Recipe: Sauteed Sherry Kale
By Greg Dunne
April 19, 2015 (Alpine)--Wow, Easter dinner was good! Most of the dinner was healthy – but maybe I had a bit too much dressing on the salad, or went a little heavy with gravy on the mashed potatoes and then sampled all of the desert items even though I was full. Sautéing some fresh greens this week will be delicious and healthy and will do the trick on getting back to eating healthy.
When talking about fresh greens I think about everything from spinach, collard greens, chard, kale and dandelion greens. The one green I want to focus on is the “new” sensation that more and more people are eating today. The kale family, Red Kale, Green Kale, and Lacinato Kale which also goes by Black Kale, Tuscan Kale, or Dinosaur Kale. It wasn’t long ago when most people only used kale for a garnish, but the dietary benefits of kale has made it popular for cooking and juicing.
Kale is extraordinarily nutritious, a cup provides more than 100 percent of the daily value (“DV”) of vitamins K and A, and 88 percent of the DV for vitamin C. A single cup of raw kale actually contains more vitamin C than an orange. Like other members of the brassica family such as cabbage, collards and Brussels sprouts, kale is a rich source of organosulfur compounds that have beenlinked to cancer prevention. And, Kale is good for the brain. Kale contains folate, a B vitamin that’s key for brain development. Kale is King!
If Kale doesn’t have you too excited, but you’re eating it anyway because of its nutrition, let’s pick a fruit to reward you that’s sweet, juicy and crunchy. In the apple department, there are many favorites of which to choose from. The ones I usually gravitate to are the Fuji’s, Pink Ladies, Pacific Rose, and Honey Crisp. Nevertheless, the Jazz apple can easily be included as one of the best eating apples on the market. Developed in New Zealand, this premium apple is now grown in the state of Washington.
The Jazz apple is a cross between a Braeburn and a Royal Gala apple. The cross was made in 1985 and it launched commercially in 2004. A rosy-red apple, the creamy yellow flesh is dense and juicy with an exceptionally crisp texture. Its flavor is the perfect combination of its parents, a classic low acid sweet-tart apple taste. I particularly like these apples because of their crisp crunchiness and flavor. Jazz apple don’t bruise easily like some apples and store well in the refrigerator, so pick up a few extra when you see them on sale.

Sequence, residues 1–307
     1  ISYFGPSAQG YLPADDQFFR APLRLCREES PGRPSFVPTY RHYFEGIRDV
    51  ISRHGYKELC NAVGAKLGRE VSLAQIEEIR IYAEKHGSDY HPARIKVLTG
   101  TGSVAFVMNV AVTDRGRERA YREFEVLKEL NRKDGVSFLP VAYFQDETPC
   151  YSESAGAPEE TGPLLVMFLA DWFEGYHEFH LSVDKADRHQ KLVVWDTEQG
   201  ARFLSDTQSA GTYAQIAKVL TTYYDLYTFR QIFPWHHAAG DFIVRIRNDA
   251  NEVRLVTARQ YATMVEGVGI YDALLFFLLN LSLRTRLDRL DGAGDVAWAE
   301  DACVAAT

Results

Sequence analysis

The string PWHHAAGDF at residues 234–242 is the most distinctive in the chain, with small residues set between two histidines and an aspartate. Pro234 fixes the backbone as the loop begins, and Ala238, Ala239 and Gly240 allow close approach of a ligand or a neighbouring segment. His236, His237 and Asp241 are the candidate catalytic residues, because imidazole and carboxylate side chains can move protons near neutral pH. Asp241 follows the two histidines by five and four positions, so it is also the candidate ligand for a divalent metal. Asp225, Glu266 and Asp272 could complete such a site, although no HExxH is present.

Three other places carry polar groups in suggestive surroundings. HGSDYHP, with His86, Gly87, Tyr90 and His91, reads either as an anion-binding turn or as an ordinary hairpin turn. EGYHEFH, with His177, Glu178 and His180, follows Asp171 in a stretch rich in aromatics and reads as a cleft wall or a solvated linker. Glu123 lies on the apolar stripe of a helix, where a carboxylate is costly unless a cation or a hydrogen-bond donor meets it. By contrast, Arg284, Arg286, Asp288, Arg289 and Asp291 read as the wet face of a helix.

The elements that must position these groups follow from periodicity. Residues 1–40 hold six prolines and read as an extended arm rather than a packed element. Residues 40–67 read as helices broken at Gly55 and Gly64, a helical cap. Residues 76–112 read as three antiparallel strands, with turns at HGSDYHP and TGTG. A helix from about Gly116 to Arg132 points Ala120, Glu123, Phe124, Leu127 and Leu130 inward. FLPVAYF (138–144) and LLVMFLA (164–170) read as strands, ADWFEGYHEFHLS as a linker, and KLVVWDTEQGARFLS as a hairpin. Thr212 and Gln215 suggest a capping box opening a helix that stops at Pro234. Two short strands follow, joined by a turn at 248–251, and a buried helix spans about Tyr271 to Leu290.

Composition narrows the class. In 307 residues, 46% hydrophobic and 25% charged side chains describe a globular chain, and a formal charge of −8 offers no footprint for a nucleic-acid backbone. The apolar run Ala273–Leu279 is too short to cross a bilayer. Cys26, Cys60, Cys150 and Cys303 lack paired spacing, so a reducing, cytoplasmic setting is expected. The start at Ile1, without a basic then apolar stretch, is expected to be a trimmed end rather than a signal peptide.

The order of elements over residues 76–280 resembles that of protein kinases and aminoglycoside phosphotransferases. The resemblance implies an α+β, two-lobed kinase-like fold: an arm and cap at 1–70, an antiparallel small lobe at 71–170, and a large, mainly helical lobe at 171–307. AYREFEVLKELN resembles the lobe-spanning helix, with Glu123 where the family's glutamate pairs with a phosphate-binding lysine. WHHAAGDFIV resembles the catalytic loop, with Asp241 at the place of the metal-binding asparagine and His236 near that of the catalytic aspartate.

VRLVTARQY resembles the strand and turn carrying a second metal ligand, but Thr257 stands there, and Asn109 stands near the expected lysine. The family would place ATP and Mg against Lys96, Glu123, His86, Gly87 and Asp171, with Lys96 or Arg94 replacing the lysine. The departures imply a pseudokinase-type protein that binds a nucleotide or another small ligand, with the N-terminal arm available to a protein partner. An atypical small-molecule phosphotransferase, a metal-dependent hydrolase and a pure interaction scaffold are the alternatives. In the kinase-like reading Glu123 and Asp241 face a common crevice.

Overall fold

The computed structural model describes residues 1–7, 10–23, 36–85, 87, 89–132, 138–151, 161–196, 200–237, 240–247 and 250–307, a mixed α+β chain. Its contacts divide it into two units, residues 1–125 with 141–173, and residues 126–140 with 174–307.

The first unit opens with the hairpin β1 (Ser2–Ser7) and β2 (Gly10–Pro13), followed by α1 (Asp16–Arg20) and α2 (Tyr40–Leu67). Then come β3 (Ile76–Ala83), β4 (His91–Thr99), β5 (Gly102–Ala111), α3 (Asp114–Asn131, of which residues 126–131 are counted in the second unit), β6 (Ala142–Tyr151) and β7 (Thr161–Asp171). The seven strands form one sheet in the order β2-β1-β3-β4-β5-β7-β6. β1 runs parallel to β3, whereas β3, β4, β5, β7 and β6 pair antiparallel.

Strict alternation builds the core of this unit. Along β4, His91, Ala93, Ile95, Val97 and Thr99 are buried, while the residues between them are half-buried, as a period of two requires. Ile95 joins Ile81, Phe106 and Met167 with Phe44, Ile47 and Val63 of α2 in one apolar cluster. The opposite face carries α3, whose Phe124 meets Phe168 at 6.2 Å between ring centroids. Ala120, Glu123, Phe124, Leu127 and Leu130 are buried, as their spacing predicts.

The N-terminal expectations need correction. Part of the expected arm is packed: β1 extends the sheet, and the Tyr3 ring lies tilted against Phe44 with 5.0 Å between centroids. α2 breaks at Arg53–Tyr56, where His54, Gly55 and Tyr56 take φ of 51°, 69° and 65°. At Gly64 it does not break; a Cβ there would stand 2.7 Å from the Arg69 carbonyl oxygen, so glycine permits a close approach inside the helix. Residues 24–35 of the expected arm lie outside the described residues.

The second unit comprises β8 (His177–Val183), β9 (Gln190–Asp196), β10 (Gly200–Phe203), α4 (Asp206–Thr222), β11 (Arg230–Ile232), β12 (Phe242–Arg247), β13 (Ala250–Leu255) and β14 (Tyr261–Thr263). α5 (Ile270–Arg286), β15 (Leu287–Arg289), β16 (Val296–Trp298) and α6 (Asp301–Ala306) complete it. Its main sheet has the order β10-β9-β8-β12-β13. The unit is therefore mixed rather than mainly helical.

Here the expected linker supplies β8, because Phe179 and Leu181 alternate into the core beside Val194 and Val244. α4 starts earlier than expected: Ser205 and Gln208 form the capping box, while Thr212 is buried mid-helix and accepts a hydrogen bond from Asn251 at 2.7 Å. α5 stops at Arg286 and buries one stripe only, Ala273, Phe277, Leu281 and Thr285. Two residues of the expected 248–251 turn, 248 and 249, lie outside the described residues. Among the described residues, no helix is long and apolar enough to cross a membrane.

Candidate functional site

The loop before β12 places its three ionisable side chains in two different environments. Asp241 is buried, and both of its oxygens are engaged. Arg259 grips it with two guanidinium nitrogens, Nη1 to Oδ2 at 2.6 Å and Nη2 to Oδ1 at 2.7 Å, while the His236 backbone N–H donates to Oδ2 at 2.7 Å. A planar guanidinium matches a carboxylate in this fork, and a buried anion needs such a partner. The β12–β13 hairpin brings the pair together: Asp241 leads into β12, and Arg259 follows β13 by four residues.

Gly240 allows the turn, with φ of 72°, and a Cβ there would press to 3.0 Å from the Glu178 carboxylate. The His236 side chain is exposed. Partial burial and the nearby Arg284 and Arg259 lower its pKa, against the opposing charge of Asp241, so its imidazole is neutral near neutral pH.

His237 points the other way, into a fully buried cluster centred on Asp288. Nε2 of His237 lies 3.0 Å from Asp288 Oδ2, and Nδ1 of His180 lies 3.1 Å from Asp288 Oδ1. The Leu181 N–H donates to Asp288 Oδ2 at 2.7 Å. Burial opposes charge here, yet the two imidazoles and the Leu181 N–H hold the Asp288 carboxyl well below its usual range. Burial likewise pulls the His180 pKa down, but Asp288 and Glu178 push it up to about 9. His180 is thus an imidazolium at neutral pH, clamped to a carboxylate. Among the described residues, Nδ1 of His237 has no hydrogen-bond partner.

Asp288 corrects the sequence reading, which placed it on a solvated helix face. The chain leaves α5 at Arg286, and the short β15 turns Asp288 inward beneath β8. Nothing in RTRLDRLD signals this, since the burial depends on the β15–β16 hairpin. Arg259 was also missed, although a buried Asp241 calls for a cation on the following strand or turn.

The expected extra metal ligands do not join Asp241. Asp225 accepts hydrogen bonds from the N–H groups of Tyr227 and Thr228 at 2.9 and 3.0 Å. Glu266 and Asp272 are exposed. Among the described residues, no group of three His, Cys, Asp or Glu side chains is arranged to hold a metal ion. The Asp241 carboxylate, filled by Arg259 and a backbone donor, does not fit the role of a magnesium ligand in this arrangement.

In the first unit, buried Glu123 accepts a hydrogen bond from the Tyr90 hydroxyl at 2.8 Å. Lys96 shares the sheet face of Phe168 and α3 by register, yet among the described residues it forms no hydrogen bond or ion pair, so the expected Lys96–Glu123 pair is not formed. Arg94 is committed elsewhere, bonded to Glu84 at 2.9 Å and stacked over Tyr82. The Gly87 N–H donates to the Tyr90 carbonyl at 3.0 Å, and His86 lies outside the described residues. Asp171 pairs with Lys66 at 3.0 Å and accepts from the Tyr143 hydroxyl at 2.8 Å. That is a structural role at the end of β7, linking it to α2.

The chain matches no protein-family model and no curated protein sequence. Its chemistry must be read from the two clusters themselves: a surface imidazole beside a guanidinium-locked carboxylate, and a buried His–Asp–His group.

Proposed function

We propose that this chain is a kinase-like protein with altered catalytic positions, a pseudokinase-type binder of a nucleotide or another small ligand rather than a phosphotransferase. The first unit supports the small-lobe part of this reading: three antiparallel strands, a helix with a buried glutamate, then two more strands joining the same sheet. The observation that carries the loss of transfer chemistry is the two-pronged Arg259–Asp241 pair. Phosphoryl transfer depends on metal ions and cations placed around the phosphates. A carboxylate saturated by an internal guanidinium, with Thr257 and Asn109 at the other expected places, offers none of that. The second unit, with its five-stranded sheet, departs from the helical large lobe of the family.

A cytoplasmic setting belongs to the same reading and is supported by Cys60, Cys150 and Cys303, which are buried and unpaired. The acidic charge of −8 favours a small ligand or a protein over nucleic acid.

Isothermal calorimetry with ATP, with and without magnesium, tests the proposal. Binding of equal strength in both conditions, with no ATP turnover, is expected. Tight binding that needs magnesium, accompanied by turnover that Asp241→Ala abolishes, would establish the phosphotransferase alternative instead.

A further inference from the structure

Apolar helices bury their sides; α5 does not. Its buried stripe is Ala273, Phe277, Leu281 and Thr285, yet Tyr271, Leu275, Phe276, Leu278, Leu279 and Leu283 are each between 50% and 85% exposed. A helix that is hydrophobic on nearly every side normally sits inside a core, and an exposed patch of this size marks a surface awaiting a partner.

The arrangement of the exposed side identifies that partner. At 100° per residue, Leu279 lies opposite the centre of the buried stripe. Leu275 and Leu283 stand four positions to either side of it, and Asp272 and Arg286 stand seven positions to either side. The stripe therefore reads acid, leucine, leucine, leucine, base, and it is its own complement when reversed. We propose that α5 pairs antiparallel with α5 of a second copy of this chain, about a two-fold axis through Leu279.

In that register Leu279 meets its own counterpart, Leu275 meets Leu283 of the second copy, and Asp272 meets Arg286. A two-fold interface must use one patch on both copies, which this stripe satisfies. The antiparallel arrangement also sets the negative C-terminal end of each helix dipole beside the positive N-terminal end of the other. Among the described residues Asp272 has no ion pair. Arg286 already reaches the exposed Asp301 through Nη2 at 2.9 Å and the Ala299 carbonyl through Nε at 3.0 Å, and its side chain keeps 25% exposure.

Jazz apples hold up well when baked, maintaining both their sweet flavor and crisp texture. Bake into muffins, cakes and bread, or hollow and stuff to make baked apples. An excellent desert apple, the Jazz apple can be added to pies, galettes and tarts. Their sweet-tart flavor will complement savory preparations as well. Roast thick-cut Jazz apple slices along with vegetables or add slices to the cavity of a chicken prior to roasting to add sweetness and moisture. The crisp texture of the Jazz is perfect when used in fresh applications. Add slices to burgers, dice and use in a chopped salad or serve sliced for dipping. The flavor of the Jazz pairs well with caramel, cinnamon, fennel, pork, pear, ginger and cheeses.
Enjoy your fruits and vegetables. Mom was right, eat your vegetables! Fresh deliveries of produce come in daily
Baron’s where I work, is one great source for fresh, healthy greens. At Barons market. We specialize in local grown and organic. The produce clerks (Gabriel Ross in photo) are knowledgeable and are always glad to help and answer any questions.
Here is a quick kale recipe:
Sauteed Sherry Kale
- Extra-virgin olive oil
- 3 cloves garlic, smashed
- Pinch crushed red pepper
- 1 bunch baby kale, stems removed, cut into 1/2-inch lengths
- 1 bunch black kale, stems removed, cut into 1/2-inch lengths
- Kosher salt
- 1/4 cup chicken stock
- 1 tablespoon sherry vinegar
- Pinch of nutmeg
Coat a large sauté pan with olive oil, add the garlic cloves and crushed red pepper. Bring the pan to a medium heat and cook the garlic until it gets golden and very aromatic. Remove the garlic and discard.
Add the 2 types of kale and stir to coat with the oil. Season with salt and add the chicken stock. Cover and cook for 2 to 3 minutes.
Uncover and stir to be sure that the kale is cooked evenly. Let the liquid evaporate. Sprinkle with sherry vinegar and nutmeg. Taste to make sure that the kale is seasoned perfectly.
Greg Dunne has been a produce manager for over 30 years, all here in San Diego County. He's passionate about fruits and vegetables and enjoys his work in the produce department. He can be found taking care of the local, organic and conventional produce at Barons Market in Alpine.